Share:Click to share on Facebook (Opens in new window)Click to share on Twitter (Opens in new window)Click to email this to a friend (Opens in new window) US Holocaust Memorial Museum CHAUTAUQUA – Chautauqua Institution and the U.S. Holocaust Memorial Museum have announced a jointly presented online program titled “The Tehran Children: Iran’s Unexpected & Suppressed Connection to the Holocaust,” inspired by Mikhal Dekel’s 2019 memoir Tehran Children: A Holocaust Refugee Odyssey. Dekel will participate in each segment of the two-part, 90-minute presentation, to air live beginning 7 p.m. EST Tuesday, Dec. 8, on the Institution’s CHQ Assembly video channel.A finalist for the 2020 Chautauqua Prize, Tehran Children tells the little-known story of the of the more than 1 million Polish Jews who fled the Nazis by traversing the Soviet Union, and in particular nearly 1,000 children who were evacuated to Iran. Dekel’s late father, Hannan Teitel, was one of these “Tehran Children”; the book is the culmination of her decade-long journey to understand the 13,000-mile odyssey at the core of his young adulthood — an experience which he never talked about, though it informed every aspect of his being.The program is part of the Museum’s Sardari Project, with IranWire.com. Today Iran’s leaders actively suppress and deny Holocaust history and spread antisemitic propaganda and conspiracy theories. As a result, Iranian citizens are largely unfamiliar with their country’s role during World War II. The first segment of the Dec. 8 program will be a panel discussion exploring Iran’s role in this lesser-known Jewish refugee rescue and how this discovery has the power to shape identity and transform the perspective of young Iranians. Dekel will be joined in conversation by Arash Azizi, a journalist with IranWire and former international editor of Kragozaran, an Iranian daily newspaper, and author of the new book The Shadow Commander: Soleimani, US, and Iran’s Global Ambitions. The discussion will be moderated by Dr. Edna Friedberg, a historian with the United States Holocaust Memorial Museum.The second segment, an Author’s Talk, will feature Dekel in conversation with Chautauqua Institution Director of Literary Arts Sony Ton-Aime on the power of the storyteller, how history and current events shape the writer’s identity and perspective, and, specific to Dekel’s life, how new knowledge has informed one Holocaust descendant’s identity.The two-part “Tehran Children” program will be presented among the complimentary offerings of Chautauqua’s CHQ Assembly platform. Audiences are invited to pre-register for the free program at tehranchildren.chq.org. Each segment of the program will conclude with a live audience Q-and-A.“Today we think of the Iranian regime’s Holocaust denial and antisemitism, but there is also a rarely told story about the Iranian people welcoming Jewish refugees during WWII,” said United States Holocaust Memorial Museum Director Sara J. Bloomfield. “Exploring lesser-known aspects of this history can challenge our assumptions which is what good education does.”“Chautauqua Institution is honored to reconnect with the United States Holocaust Memorial Museum, and to continue a partnership that began in 2018 when Sara Bloomfield delivered a stirring and poignant lecture in our Amphitheater. That lecture, during a week on ‘History and Memory in the 21st Century,’ has a clear and meaningful through line to this co-presented program on the Tehran Children,” said Michael E. Hill, president of Chautauqua Institution. “We at Chautauqua feel mission-bound to facilitate these important cross-cultural and historically minded conversations, as part of our exploration of the best in human values through civil dialogue. In our current political and societal moment, we are proud to provide opportunities for understanding, and we thank USHMM for their enthusiastic partnership.”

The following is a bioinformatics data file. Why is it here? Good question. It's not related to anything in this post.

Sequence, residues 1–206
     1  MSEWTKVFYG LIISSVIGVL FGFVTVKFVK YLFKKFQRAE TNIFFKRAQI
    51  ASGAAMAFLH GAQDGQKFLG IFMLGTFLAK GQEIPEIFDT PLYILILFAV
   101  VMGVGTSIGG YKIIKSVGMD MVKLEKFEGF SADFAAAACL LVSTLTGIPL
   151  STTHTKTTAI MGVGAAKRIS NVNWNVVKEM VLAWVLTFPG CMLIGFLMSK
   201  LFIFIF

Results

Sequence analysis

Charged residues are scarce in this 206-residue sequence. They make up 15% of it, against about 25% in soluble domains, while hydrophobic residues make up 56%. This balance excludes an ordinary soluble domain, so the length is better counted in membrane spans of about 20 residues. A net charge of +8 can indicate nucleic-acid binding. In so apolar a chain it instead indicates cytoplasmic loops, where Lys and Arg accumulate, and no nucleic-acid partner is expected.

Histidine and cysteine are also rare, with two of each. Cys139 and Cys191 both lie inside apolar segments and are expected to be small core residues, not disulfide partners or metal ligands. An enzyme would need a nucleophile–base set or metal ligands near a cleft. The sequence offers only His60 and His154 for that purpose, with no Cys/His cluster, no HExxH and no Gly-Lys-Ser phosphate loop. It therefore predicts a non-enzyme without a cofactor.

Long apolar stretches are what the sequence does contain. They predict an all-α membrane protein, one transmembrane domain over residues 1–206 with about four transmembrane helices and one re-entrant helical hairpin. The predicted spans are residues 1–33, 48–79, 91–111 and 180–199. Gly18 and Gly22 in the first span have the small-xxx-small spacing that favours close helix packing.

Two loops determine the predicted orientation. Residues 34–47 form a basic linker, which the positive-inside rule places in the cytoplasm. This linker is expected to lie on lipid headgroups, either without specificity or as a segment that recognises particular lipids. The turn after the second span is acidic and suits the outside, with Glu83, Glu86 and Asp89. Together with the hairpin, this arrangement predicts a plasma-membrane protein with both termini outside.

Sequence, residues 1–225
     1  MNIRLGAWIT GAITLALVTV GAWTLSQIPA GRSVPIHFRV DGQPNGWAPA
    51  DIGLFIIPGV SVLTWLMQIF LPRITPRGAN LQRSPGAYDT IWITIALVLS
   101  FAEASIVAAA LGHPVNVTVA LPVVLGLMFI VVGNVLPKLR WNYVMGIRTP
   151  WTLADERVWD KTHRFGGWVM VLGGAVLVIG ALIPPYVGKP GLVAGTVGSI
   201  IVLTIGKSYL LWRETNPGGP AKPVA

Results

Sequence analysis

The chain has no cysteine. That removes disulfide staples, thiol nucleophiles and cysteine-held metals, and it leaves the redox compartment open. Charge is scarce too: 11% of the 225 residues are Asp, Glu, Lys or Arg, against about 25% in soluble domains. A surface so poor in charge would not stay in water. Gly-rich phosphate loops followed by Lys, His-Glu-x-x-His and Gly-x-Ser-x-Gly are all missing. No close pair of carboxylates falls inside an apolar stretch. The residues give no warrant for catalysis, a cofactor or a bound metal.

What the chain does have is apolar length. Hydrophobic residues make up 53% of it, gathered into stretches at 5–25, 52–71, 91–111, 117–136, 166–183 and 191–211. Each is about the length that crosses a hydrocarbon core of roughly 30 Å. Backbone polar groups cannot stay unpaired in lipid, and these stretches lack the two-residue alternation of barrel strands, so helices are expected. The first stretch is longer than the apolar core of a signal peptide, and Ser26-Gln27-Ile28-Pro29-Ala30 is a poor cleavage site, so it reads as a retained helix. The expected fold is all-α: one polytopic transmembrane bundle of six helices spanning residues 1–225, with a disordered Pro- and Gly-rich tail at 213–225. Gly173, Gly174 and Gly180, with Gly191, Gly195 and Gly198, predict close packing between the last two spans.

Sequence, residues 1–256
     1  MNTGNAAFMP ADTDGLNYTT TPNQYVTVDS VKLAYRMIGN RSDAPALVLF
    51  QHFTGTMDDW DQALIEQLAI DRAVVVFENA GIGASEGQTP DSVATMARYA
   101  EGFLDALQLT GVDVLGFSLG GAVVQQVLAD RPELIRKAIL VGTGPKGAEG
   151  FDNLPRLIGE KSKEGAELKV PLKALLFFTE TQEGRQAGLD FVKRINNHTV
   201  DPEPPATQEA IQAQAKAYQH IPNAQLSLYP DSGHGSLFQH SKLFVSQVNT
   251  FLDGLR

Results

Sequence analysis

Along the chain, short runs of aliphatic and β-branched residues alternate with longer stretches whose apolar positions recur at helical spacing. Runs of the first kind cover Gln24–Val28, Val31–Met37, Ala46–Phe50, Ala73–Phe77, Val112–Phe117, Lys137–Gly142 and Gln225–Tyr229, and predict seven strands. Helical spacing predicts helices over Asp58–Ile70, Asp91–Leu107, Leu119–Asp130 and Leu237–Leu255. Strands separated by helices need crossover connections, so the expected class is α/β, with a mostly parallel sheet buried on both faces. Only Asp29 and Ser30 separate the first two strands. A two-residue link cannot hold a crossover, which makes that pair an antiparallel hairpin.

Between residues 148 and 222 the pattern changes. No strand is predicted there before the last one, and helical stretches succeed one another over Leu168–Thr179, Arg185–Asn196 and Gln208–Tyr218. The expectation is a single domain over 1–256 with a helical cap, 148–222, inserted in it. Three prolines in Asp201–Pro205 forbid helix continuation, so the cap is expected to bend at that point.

The University of Georgia turfgrass program in Tifton is linked to elite athletic programs across the country, but it’s caught the eye of international sporting officials as well. One variety being tested at the UGA Tifton Campus now is slated for the Olympic golf course in Rio de Janeiro, Brazil in 2016, when golf is re-introduced as an Olympic sport. Zeon Zoysia grass is a turfgrass variety developed by David Doguet and Blade Runner Farms in Poteet, TX, but it’s currently being tested on the UGA College of Agricultural and Environmental Sciences Tifton campus. Zeon Zoysia grass has attributes that make it easier to grow in warmer climates, and it is preferred by many golfers. “It has a stiffer leaf blade so the golf ball sits perfectly in the fairway. Golfers love it,” UGA turfgrass breeder Brian Schwartz said. Schwartz and Doguet formed a collaboration allowing Schwartz to research Zeon in Tifton, including the entire set of parent material that was used in its development.“In the rough, with taller mowing heights, the ball lie is actually different than in Bermuda grass,” Schwartz said. “It’s really rewarding if you hit your golf ball in the fairway. It’s pretty penalizing in the rough.”Golfers around the world will have a chance to test their skills on Zeon Zoysia during the 2016 Olympics in Rio de Janeiro, Brazil. This will be first time golf will be an Olympic event since 1904. Zeon Zoysia will be used on a newly constructed course. It possesses qualities highly sought after by both golfers and golf course superintendents.“Low maintenance is the big thing,” Doguet said. “It has high quality and very fine texture, but it’s very low maintenance, too; less fertilizer, less water, less chemicals. That’s what they were really attracted to — a high-quality surface without all the input.”The Olympic Committee selected Zeon Zoysia after visiting the Atlanta Athletic Club, where Zeon is used. Zeon, which is shade tolerant for rough areas and excels in the sun, is starting to be used more on golf courses, Schwartz said.Typically, Zeon Zoysia sod is more expensive and it can have different disease pressure than what is commonly seen in Bermudagrass. However, the long-term costs of growing Zeon are likely less than many other grasses because of its low input requirements. Doguet said that four years ago, he shipped Zeon Zoysia to a grower in Rio in small quantities to be expanded. It soon grew to half an acre. Once the project got established, it expanded more rapidly. Today, there are 25 acres of Zeon Zoysia grass being grown in Rio.“I think it’s the biggest turf project in the world, to be involved with the very first Olympic golf course. That’s an amazing feeling,” he said.For more information about the Tifton turfgrass breeding program, see the website at caes.uga.edu/about/hottopics/displayBrief.cfm?pn=Water%20and%20Drought&dn=water&pk_id=3758&Tifton%20Turfgrass%20Breeding
The Batesville Bulldogs Middle Track School team hosted North Decatur and St. Louis in a 3-Way Meet.Girls Team Results: Batesville 61, North Decatur 53, St. Louis 20.Boys Team Results: Batesville 73, North Decatur 48, St. Louis 13.BMS Track Results vs. STL & ND (4-27)Courtesy of Bulldogs Coach Derek Suits.